How did the slaves gained their freedom in the United States?
i know that it was after the civil war, but is there anything else
thanks for helping
- sgatlantisroseLv 79 years agoFavorite Answer
Slaves before the Civil War gained their freedom in one of three ways. The most obvious, and most dangerous, was to simply run away. The Underground Railroad assisted them to escape to the northern states, and eventually all the way to Canada. Other slaves managed the journey on their own. But for every slave who gained their freedom this way, there were too many who were recaptured and dragged back into captivity. And as the Civil War approached, laws about runaways made even the northern states a perilous sanctuary. The laws permitted slave hunters to take escaped slaves( and not infrequently free Blacks accused of being runaways) back to the South.
The second way a slave could gain their freedom was by emancipation. Basically, this meant that their owner legally documented that he or she was giving the slave their freedom. This was a fairly common occurrence., with many owners leaving such instructions in their wills. Of course, it could be abused too. After all, "rewarding" a slave with emancipation when they were getting to be elderly and unable to work efficiently was a nasty means of cost savings. This sort of abuse did not seem to be very common or approved of, even in a slave society.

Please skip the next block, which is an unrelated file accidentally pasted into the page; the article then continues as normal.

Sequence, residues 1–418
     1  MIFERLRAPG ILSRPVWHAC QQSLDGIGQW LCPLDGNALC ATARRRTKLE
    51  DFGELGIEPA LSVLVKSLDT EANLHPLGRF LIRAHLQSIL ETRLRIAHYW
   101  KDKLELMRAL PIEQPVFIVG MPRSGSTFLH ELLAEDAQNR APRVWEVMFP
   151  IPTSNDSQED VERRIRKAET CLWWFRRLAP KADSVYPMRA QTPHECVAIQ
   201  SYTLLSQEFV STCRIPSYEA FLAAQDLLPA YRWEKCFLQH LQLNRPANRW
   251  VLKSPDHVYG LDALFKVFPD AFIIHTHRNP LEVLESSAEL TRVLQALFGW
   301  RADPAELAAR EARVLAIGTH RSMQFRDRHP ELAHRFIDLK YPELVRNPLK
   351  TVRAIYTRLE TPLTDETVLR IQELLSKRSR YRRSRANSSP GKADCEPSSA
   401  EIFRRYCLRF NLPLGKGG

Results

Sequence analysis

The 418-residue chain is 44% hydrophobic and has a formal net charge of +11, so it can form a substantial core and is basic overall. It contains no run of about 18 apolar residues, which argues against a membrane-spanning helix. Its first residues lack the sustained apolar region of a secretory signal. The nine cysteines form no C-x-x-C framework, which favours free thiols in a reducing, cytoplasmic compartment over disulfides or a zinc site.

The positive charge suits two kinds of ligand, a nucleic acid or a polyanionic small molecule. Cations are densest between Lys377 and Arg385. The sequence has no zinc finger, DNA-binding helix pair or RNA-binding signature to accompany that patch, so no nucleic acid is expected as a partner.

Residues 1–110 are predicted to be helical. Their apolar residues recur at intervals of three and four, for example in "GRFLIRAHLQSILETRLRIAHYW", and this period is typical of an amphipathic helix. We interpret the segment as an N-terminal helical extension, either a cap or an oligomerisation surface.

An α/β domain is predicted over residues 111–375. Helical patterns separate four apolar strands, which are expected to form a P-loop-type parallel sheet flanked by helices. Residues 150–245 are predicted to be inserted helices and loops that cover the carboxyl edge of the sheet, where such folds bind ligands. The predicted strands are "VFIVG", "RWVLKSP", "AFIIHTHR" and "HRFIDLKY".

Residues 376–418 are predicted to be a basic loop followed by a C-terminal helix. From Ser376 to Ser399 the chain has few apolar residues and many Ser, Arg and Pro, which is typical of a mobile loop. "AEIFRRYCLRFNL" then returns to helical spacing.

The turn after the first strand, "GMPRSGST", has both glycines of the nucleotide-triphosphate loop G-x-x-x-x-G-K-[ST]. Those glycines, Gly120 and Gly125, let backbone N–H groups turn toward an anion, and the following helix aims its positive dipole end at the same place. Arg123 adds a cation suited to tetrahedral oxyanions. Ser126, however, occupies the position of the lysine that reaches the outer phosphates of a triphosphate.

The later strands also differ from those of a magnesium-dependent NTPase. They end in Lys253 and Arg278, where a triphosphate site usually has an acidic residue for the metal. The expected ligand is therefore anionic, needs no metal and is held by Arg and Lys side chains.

The third method of freedom involved the slave purchasing their own freedom. While technically everything a slaved owned belonged to his or her master, in practice slaves were usually allowed to earn money on the side. Those slaves with skills, such as blacksmith, silversmith, carpentry, or other forms of craftsmanship normally could do jobs after they finished their master's work, and keep the money. By saving this extra income, a slave could eventually save enough to purchase their own freedom, and even that of their families. This was a process of years, if not decades, though, and required great financial discipline, as well as an owner who would allow the slave to thus purchase his freedom.
- knight1192aLv 79 years ago
Try the 13th Amendment. It certainly wasn't the Emancipation Proclamation which is so often touted as ending slavery. If you actually look at the Emancipation you'll find it was worded in such a way to free no slaves. Only those in areas in open rebellion against the federal government were supposed to be affected. But those areas did not have to obey as they had formed their own separate government. Those slaves in the Border States and areas of the Confederacy already under federal control were not affected. The 13th Amendment was the document that offically granted the slaves their freedom
- 4 years ago
sgatlantisrose has the best answer so far: escape to a free state, be given freedom, buy freedom. But, besides for buying freedom with money, a slave could buy freedom with military service. The Revolution offered an opportunity for freedom for many enslaved African American
men. African Americans on the Patriot side (and their owners) could take advantage of a law passed
by the New York State legislature on March 20, 1781, which provided that if an enslaved person
served in the war for three years, he would receive his freedom and his former owner would receive
500 acres of land.
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- sonrielLv 69 years ago
in the third year of the civil war president Lincoln sign the emancipation proclamation which ended slavery